The House gave final legislative approval Wednesday to legislation intended to eventually end Tennessee’s status of having the nation’s highest beer taxes.
The bill was approved 87-2 by the House on Wednesday without debate beyond sponsor Rep. Cameron Sexton, R-Crossville, describing it as “simply replacing an antiquated 1950s tax structure.”
The Senate approved SB422 last week, 30-1, under sponsorship of Sen. Brian Kelsey, R-Germantown. It now goes to Gov. Bill Haslam, who is expected to sign it.
The bill transforms Tennessee’s 17 percent tax on beer at the wholesale level to a flat-rate tax of $35.60 per barrel.
News release from Scott Price (Democratic nominee in House District 47) campaign:
In response to the recent announcement that Rep. Judd Matheny is planning to challenge the leadership of respected House Speaker Beth Harwell; it seems extremely presumptuous of Mr. Matheny to be considering such a divisive move when he still has a contested general election in November.
As his opponent in this election, I feel Mr. Matheny has lost sight of the fact that the voters of District 47 have yet to speak to determine who will best represent them. This premature action on his part is just one more example of how out of touch with local voters Mr. Matheny has become. He is obviously pursuing personal political aspirations with no regard to the needs of the people of District 47. Representatives are elected every two years to go to Nashville for a limited time, and then return to their regular jobs.
As an educator for sixteen years in our district, I have no desire to be a career politician and abandon local concerns for a political title. I am willing to represent the hard working people of this district for a short time and then return to my classroom.
Seeking the position of Speaker of the House, along with his opposition to successful Republican candidates in the recent primary, Mr. Matheny has proven to be on the wrong side of even his own Party’s direction in this election. This clearly shows that Judd Matheny is seeking personal political gain instead of devoting his time to the pressing issues of this district. I am actually a little surprised that Mr. Matheny would turn his back on his own Party’s leadership.
From all accounts, Speaker Harwell has been a fair, highly respected, and responsible leader. As the new representative for District 47, I would support Speaker Harwell’s re-election as Speaker of the House if Republicans maintain the majority. I believe voters are tired of political bickering. They want a representative to attend to the true needs of
their district without wasting time and energy on personal political aspirations that clearly are not wanted by Party leaders or by the voters of our district.
Legislation that will cement Gov. Bill Haslam’s deal with Amazon.com will cost the state $22.8 million per year in “foregone revenue” while in effect, but bring a like amount afterwards, according to a legislative staff estimate.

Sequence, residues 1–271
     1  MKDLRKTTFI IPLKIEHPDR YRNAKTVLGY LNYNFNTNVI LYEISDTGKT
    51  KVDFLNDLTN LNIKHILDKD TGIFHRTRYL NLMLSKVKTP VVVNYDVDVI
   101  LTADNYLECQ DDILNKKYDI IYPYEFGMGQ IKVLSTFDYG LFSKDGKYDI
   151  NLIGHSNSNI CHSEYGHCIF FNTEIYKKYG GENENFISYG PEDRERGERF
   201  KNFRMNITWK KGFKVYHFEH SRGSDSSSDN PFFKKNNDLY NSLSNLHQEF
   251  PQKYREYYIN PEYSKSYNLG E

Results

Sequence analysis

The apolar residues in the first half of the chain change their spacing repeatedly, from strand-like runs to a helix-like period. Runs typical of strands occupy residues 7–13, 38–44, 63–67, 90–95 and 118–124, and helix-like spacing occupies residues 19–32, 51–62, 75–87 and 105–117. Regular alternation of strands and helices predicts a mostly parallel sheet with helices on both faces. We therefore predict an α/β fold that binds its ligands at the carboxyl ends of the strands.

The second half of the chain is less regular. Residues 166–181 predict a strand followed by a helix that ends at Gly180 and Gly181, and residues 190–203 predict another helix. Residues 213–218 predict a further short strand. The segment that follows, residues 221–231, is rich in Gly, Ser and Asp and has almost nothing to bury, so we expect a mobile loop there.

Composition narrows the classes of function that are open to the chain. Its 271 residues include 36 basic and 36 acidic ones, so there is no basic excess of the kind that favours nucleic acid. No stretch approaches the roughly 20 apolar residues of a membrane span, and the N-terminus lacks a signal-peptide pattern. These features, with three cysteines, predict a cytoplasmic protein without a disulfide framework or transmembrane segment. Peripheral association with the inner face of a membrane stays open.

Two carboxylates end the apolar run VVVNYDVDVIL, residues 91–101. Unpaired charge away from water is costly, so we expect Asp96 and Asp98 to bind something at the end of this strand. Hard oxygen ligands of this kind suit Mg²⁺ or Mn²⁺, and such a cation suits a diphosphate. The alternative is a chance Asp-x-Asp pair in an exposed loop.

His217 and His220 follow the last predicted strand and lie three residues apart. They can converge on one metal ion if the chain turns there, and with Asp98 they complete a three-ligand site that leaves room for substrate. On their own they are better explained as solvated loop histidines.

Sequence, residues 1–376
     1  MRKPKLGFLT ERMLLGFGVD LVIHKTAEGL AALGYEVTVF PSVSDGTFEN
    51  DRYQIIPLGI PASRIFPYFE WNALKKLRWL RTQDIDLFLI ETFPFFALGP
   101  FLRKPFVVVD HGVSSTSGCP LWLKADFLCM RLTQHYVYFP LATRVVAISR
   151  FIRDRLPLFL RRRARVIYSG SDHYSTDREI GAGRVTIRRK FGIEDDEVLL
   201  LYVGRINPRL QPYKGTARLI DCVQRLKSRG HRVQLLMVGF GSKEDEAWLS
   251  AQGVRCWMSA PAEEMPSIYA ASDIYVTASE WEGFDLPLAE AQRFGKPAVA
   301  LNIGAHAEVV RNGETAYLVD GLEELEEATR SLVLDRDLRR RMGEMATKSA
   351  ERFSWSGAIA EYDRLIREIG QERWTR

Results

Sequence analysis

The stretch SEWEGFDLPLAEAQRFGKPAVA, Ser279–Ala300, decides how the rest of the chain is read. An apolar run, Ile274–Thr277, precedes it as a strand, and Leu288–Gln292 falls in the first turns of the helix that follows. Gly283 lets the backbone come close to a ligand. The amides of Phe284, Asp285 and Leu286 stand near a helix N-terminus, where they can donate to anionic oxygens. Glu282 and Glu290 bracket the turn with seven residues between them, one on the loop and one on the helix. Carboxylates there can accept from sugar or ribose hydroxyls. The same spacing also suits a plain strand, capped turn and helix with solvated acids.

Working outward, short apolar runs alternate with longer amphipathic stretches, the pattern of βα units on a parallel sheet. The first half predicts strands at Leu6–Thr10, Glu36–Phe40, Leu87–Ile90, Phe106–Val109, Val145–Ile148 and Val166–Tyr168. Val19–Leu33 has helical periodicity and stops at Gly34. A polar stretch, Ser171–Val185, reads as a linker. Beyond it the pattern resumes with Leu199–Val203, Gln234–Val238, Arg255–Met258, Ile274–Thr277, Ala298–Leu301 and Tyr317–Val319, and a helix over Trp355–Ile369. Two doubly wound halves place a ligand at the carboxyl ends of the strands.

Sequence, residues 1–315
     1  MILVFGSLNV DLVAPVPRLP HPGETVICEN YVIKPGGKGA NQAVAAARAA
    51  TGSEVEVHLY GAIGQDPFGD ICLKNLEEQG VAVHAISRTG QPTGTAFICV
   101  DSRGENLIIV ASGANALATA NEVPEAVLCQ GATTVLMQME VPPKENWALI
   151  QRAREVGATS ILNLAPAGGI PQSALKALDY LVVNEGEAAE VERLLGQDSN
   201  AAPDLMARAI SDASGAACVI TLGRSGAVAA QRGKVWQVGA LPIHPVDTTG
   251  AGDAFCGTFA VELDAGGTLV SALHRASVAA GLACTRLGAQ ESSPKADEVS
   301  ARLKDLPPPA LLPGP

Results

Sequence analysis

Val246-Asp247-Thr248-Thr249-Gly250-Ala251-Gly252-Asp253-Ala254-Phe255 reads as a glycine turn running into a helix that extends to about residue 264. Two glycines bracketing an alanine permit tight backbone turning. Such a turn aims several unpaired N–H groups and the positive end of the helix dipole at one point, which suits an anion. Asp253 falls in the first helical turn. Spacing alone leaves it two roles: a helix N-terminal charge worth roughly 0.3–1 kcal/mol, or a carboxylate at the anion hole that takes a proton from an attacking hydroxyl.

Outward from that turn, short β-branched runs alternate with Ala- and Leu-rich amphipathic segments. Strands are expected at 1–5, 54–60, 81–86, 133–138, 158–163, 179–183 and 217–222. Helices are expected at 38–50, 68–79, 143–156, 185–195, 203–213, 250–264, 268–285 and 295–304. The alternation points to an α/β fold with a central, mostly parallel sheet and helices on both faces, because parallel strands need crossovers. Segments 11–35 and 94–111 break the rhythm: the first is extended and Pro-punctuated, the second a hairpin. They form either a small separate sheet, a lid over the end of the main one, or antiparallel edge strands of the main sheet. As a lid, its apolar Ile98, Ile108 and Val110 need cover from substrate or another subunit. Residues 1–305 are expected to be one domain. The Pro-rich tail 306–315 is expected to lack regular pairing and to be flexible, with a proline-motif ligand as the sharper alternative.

The “fiscal note” on HB2370, introduced at the behest of Gov. Bill Haslam, does not mention the Internet retail giant by name, but observes that “one taxpayer will meet the criteria specified in this bill exempting such taxpayer from collecting and remitting sales and use tax.”
The “qualified taxpayer” had $34.2 billion in online U.S. sales in 2010, the Fiscal Review Committee note says, and given that Tennessee has 2 percent of the national population, that would translate into $684 million in Tennessee sales.
From that point the fiscal note goes on to project $22,840,600 in “foregone” state sales tax revenue in a full year and to peg the lost revenue for local government sales tax collections at $9,649,400.
Haslam announced in October that a deal negotiated with Amazon exempts the Internet retailer from collecting Tennessee state and local taxes until Jan. 1, 2014 or until Congress enacts a federal law authorizing states to require sales tax be collected on Internet sales.
In exchange, Amazon said it would invest another $350 million in Tennessee over a three-year period in addition to distribution centers already underway in the Southeast Tennessee at the time. Since October, Amazon has announced plans to build facilities in two Middle Tennessee counties.
The bill will fulfill Haslam’s end of the bargain. It is up for its first subcommittee hearing today (Wednesday) in the House.
Haslam made a brief mention of the bill in his “state of the state” address to the General Assembly.
“I am proud that we worked with Amazon to expand the company’s presence in Tennessee to include, in addition to Hamilton and Bradley, Wilson and Rutherford counties too, creating thousands of jobs,” he said in the prepared remarks. “And through that process we were able to reach an agreement with the company that gives certainty to them and us moving forward.
“We need your help in passing the legislation this session to solidify that agreement,” Haslam said.